bw[V1] vs. Pm

FlyBase Project Members flybase at morgan.harvard.edu
Fri Jan 21 15:23:32 EST 1994


Dear Drosophilist:

This letter concerns a point raised by Steve Henikoff in response to
a comment of Alan Christensen's regarding Drosophila nomenclature:

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Steve Henikoff writes:

>Dr. Alan Christensen writes:

>>P.S. I'm not going to tackle Pm vs. bw[V1].

>Muller originally reported second chromosome eye-color dominants which he 
>called Plum mutations apparently before he realized that they were allelic to 
>brown (bw) recessives (Pm/bw- is more extreme than Pm/bw+). bw[V1] is
>the only surviving allele originally referred to as "Plum" for which this 
>designation persists, so it is commonly called Pm without an allele number.
>But it is only one of many dominant brown variegated alleles, some of which 
>are also in common use, such as bw[VDe2] and bw[D], so a special name for 
>this particular allele seems unnecessary. I think the reason the name has 
>stuck is that bw[V1] has two inversions with breaks near both tips and is 
>lethal, so therefore Plum can serve as a balancer for much of the second 
>chromosome. Being viable over better balancers carrying Curly, Plum is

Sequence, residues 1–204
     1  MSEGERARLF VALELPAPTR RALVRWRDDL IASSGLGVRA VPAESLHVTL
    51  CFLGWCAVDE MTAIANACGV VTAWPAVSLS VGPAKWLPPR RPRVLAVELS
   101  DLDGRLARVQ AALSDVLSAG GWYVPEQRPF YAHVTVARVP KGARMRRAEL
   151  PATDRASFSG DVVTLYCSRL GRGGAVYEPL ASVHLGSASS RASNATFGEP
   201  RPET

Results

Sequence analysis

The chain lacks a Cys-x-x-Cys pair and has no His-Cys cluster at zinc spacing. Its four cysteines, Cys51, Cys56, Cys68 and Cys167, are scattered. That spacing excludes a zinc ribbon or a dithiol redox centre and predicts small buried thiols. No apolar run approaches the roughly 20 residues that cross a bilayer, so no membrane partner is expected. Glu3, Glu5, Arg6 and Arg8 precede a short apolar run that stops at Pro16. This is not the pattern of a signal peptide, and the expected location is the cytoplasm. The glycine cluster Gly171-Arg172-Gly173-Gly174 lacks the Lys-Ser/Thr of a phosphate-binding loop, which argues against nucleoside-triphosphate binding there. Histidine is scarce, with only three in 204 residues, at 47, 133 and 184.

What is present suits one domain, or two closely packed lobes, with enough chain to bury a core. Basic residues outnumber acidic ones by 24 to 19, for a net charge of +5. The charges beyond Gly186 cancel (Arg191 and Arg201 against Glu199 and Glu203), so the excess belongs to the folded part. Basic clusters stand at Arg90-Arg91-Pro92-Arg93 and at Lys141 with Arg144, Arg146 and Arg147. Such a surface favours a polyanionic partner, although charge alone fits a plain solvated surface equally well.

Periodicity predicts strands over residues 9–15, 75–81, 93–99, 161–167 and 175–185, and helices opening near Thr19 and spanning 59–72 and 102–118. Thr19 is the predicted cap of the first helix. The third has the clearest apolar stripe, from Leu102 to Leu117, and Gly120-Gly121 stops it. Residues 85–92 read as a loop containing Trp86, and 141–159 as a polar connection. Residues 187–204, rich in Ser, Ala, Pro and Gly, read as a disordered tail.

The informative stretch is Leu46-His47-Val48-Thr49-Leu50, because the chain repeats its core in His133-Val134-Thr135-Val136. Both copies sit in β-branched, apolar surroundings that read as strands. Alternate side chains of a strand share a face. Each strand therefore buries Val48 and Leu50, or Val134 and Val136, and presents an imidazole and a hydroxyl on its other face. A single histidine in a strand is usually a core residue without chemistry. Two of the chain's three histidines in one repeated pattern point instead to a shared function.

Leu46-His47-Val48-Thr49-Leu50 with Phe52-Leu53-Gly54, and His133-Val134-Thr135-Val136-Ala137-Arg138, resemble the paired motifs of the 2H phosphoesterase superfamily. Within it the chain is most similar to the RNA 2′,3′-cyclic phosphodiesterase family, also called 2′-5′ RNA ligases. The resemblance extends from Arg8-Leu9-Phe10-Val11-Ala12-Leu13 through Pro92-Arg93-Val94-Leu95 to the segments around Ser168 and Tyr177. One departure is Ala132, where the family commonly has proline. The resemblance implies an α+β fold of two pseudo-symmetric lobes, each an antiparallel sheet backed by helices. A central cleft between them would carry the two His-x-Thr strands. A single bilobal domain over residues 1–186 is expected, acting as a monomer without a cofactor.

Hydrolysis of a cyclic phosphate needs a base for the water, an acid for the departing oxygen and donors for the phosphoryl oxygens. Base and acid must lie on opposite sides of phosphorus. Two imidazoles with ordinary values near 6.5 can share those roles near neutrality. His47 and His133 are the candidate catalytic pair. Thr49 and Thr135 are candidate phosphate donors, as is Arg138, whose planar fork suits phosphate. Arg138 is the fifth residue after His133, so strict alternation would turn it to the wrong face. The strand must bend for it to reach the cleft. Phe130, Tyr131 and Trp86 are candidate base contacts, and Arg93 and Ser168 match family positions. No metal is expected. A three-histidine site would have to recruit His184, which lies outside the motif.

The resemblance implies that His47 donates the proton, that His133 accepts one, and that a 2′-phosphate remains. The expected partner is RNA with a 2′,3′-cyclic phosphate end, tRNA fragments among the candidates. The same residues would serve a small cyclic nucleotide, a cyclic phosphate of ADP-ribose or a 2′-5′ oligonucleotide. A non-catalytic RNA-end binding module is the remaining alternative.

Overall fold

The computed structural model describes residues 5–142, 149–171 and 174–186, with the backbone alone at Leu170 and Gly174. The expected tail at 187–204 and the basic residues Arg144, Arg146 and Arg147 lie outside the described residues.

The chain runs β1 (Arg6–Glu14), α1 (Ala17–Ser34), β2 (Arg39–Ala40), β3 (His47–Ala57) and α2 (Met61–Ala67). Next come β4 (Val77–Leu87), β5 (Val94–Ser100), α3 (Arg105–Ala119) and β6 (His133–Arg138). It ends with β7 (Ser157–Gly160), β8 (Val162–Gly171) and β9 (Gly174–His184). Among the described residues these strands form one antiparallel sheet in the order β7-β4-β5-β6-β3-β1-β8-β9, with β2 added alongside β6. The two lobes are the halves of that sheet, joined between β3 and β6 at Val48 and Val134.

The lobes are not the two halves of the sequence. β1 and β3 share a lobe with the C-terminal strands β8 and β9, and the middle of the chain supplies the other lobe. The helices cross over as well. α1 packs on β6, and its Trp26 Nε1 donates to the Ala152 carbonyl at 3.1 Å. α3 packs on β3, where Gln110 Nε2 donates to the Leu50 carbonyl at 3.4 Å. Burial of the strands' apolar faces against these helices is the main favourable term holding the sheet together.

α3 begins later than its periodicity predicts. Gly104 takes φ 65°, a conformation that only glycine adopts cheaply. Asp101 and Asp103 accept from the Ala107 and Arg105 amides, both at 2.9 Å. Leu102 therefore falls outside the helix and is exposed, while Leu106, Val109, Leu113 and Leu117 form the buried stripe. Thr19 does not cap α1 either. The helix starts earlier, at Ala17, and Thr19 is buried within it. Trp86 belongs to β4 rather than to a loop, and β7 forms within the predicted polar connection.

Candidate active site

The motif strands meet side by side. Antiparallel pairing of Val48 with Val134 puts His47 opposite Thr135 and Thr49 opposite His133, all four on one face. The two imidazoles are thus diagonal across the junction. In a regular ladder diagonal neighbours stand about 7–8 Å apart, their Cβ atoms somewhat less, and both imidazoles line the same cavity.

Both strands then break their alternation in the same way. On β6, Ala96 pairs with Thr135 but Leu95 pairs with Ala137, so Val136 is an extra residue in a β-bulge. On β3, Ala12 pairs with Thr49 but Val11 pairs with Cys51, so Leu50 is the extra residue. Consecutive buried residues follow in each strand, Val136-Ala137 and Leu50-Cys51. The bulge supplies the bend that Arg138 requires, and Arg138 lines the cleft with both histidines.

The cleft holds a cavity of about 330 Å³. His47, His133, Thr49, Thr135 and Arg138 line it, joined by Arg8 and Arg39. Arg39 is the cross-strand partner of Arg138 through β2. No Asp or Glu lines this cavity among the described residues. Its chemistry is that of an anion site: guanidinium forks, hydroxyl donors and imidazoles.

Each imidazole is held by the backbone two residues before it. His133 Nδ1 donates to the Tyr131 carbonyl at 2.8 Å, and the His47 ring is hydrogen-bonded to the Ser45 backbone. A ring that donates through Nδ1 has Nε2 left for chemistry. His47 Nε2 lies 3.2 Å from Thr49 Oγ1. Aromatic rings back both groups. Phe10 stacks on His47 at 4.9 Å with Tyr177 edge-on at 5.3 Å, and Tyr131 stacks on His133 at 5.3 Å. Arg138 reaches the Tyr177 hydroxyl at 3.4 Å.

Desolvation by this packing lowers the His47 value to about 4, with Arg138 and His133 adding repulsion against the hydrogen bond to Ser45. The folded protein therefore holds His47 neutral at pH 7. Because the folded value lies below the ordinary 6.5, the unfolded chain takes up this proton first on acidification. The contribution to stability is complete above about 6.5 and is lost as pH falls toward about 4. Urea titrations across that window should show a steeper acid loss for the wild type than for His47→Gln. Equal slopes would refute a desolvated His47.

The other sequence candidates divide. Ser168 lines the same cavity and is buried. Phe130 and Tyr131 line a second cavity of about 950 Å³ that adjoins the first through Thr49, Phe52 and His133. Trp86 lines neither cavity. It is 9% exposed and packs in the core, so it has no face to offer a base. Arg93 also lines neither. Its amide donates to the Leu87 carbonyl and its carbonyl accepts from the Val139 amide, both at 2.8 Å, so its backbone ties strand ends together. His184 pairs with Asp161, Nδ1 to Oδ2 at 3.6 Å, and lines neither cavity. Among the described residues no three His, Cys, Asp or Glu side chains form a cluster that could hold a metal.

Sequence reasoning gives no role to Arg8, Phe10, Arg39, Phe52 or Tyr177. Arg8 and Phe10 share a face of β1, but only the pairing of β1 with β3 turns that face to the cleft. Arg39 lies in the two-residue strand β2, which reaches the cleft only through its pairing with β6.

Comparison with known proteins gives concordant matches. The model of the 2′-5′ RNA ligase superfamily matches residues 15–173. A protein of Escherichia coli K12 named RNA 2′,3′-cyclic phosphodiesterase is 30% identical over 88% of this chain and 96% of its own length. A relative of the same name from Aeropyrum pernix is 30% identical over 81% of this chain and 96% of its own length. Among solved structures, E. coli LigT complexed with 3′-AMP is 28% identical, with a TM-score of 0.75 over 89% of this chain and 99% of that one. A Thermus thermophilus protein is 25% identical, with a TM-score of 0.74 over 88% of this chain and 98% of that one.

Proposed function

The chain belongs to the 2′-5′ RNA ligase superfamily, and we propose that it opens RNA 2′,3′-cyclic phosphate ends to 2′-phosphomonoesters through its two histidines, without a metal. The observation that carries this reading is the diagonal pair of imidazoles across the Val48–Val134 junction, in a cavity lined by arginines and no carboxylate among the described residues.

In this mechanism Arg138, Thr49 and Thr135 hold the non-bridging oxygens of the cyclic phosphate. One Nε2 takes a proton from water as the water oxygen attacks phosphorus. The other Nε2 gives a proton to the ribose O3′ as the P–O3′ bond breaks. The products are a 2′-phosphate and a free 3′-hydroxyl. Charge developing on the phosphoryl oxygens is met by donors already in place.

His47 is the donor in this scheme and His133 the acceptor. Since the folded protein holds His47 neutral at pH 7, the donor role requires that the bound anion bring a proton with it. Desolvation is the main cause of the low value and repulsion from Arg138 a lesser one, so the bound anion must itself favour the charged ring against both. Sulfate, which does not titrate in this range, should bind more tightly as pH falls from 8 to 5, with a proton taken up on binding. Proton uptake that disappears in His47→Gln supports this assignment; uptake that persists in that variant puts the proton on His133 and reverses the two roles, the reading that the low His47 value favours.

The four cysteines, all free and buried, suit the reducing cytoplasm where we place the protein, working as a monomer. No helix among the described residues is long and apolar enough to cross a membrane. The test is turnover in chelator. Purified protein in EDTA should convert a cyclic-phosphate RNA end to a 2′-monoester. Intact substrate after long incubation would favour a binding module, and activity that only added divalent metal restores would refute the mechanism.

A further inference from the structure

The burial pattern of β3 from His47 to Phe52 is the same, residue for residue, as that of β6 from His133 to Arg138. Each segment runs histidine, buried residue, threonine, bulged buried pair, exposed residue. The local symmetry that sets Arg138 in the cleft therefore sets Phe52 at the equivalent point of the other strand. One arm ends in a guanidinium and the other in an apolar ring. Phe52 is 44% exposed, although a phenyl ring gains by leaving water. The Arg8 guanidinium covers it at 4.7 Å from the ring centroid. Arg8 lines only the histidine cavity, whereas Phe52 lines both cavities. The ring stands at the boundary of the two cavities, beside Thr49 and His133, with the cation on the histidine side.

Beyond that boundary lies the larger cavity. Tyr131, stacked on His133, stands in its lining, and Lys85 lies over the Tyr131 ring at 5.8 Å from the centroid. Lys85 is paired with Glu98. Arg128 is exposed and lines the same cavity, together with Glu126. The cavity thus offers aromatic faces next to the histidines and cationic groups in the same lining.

>especially useful because by crossing to Cy/Pm, all progeny are typically 
>balanced and marked with an obvious dominant marker, not just half. It seems
>most appropriate to me to use Plum or Pm in reference to the chromosome (such
>as in referring to the widely-used "Curly-Plum" stock) which carries the 
>bw[V1] allele.

I agree with Steve.  Plum should be viewed as a nickname for a chromosome,
not as a formally accepted genotype.  There is a long tradition of such
nicknames for chromosomes: balancers, special compound chromosomes and 
multiply-marked chromosomes useful for recombinational mapping are three
classes of example (e.g., Basc = Muller-5, CyO, yf:=, rucuca, X-ple).

As Steve notes, Plum is really a chromosome carrying two pericentric
inversions.  Indeed, only one of these (In(2LR)40F; 59D4-E1) breaks
within brown and presumably causes the bw[V1] phenotype.  The other
inversion could potentially be separated by double crossing over, and
by some criteria, ought to really be given a separate name.  Indeed, 
the current database design for FlyBase will likely require us to do so.

Bill Gelbart (for FlyBase)




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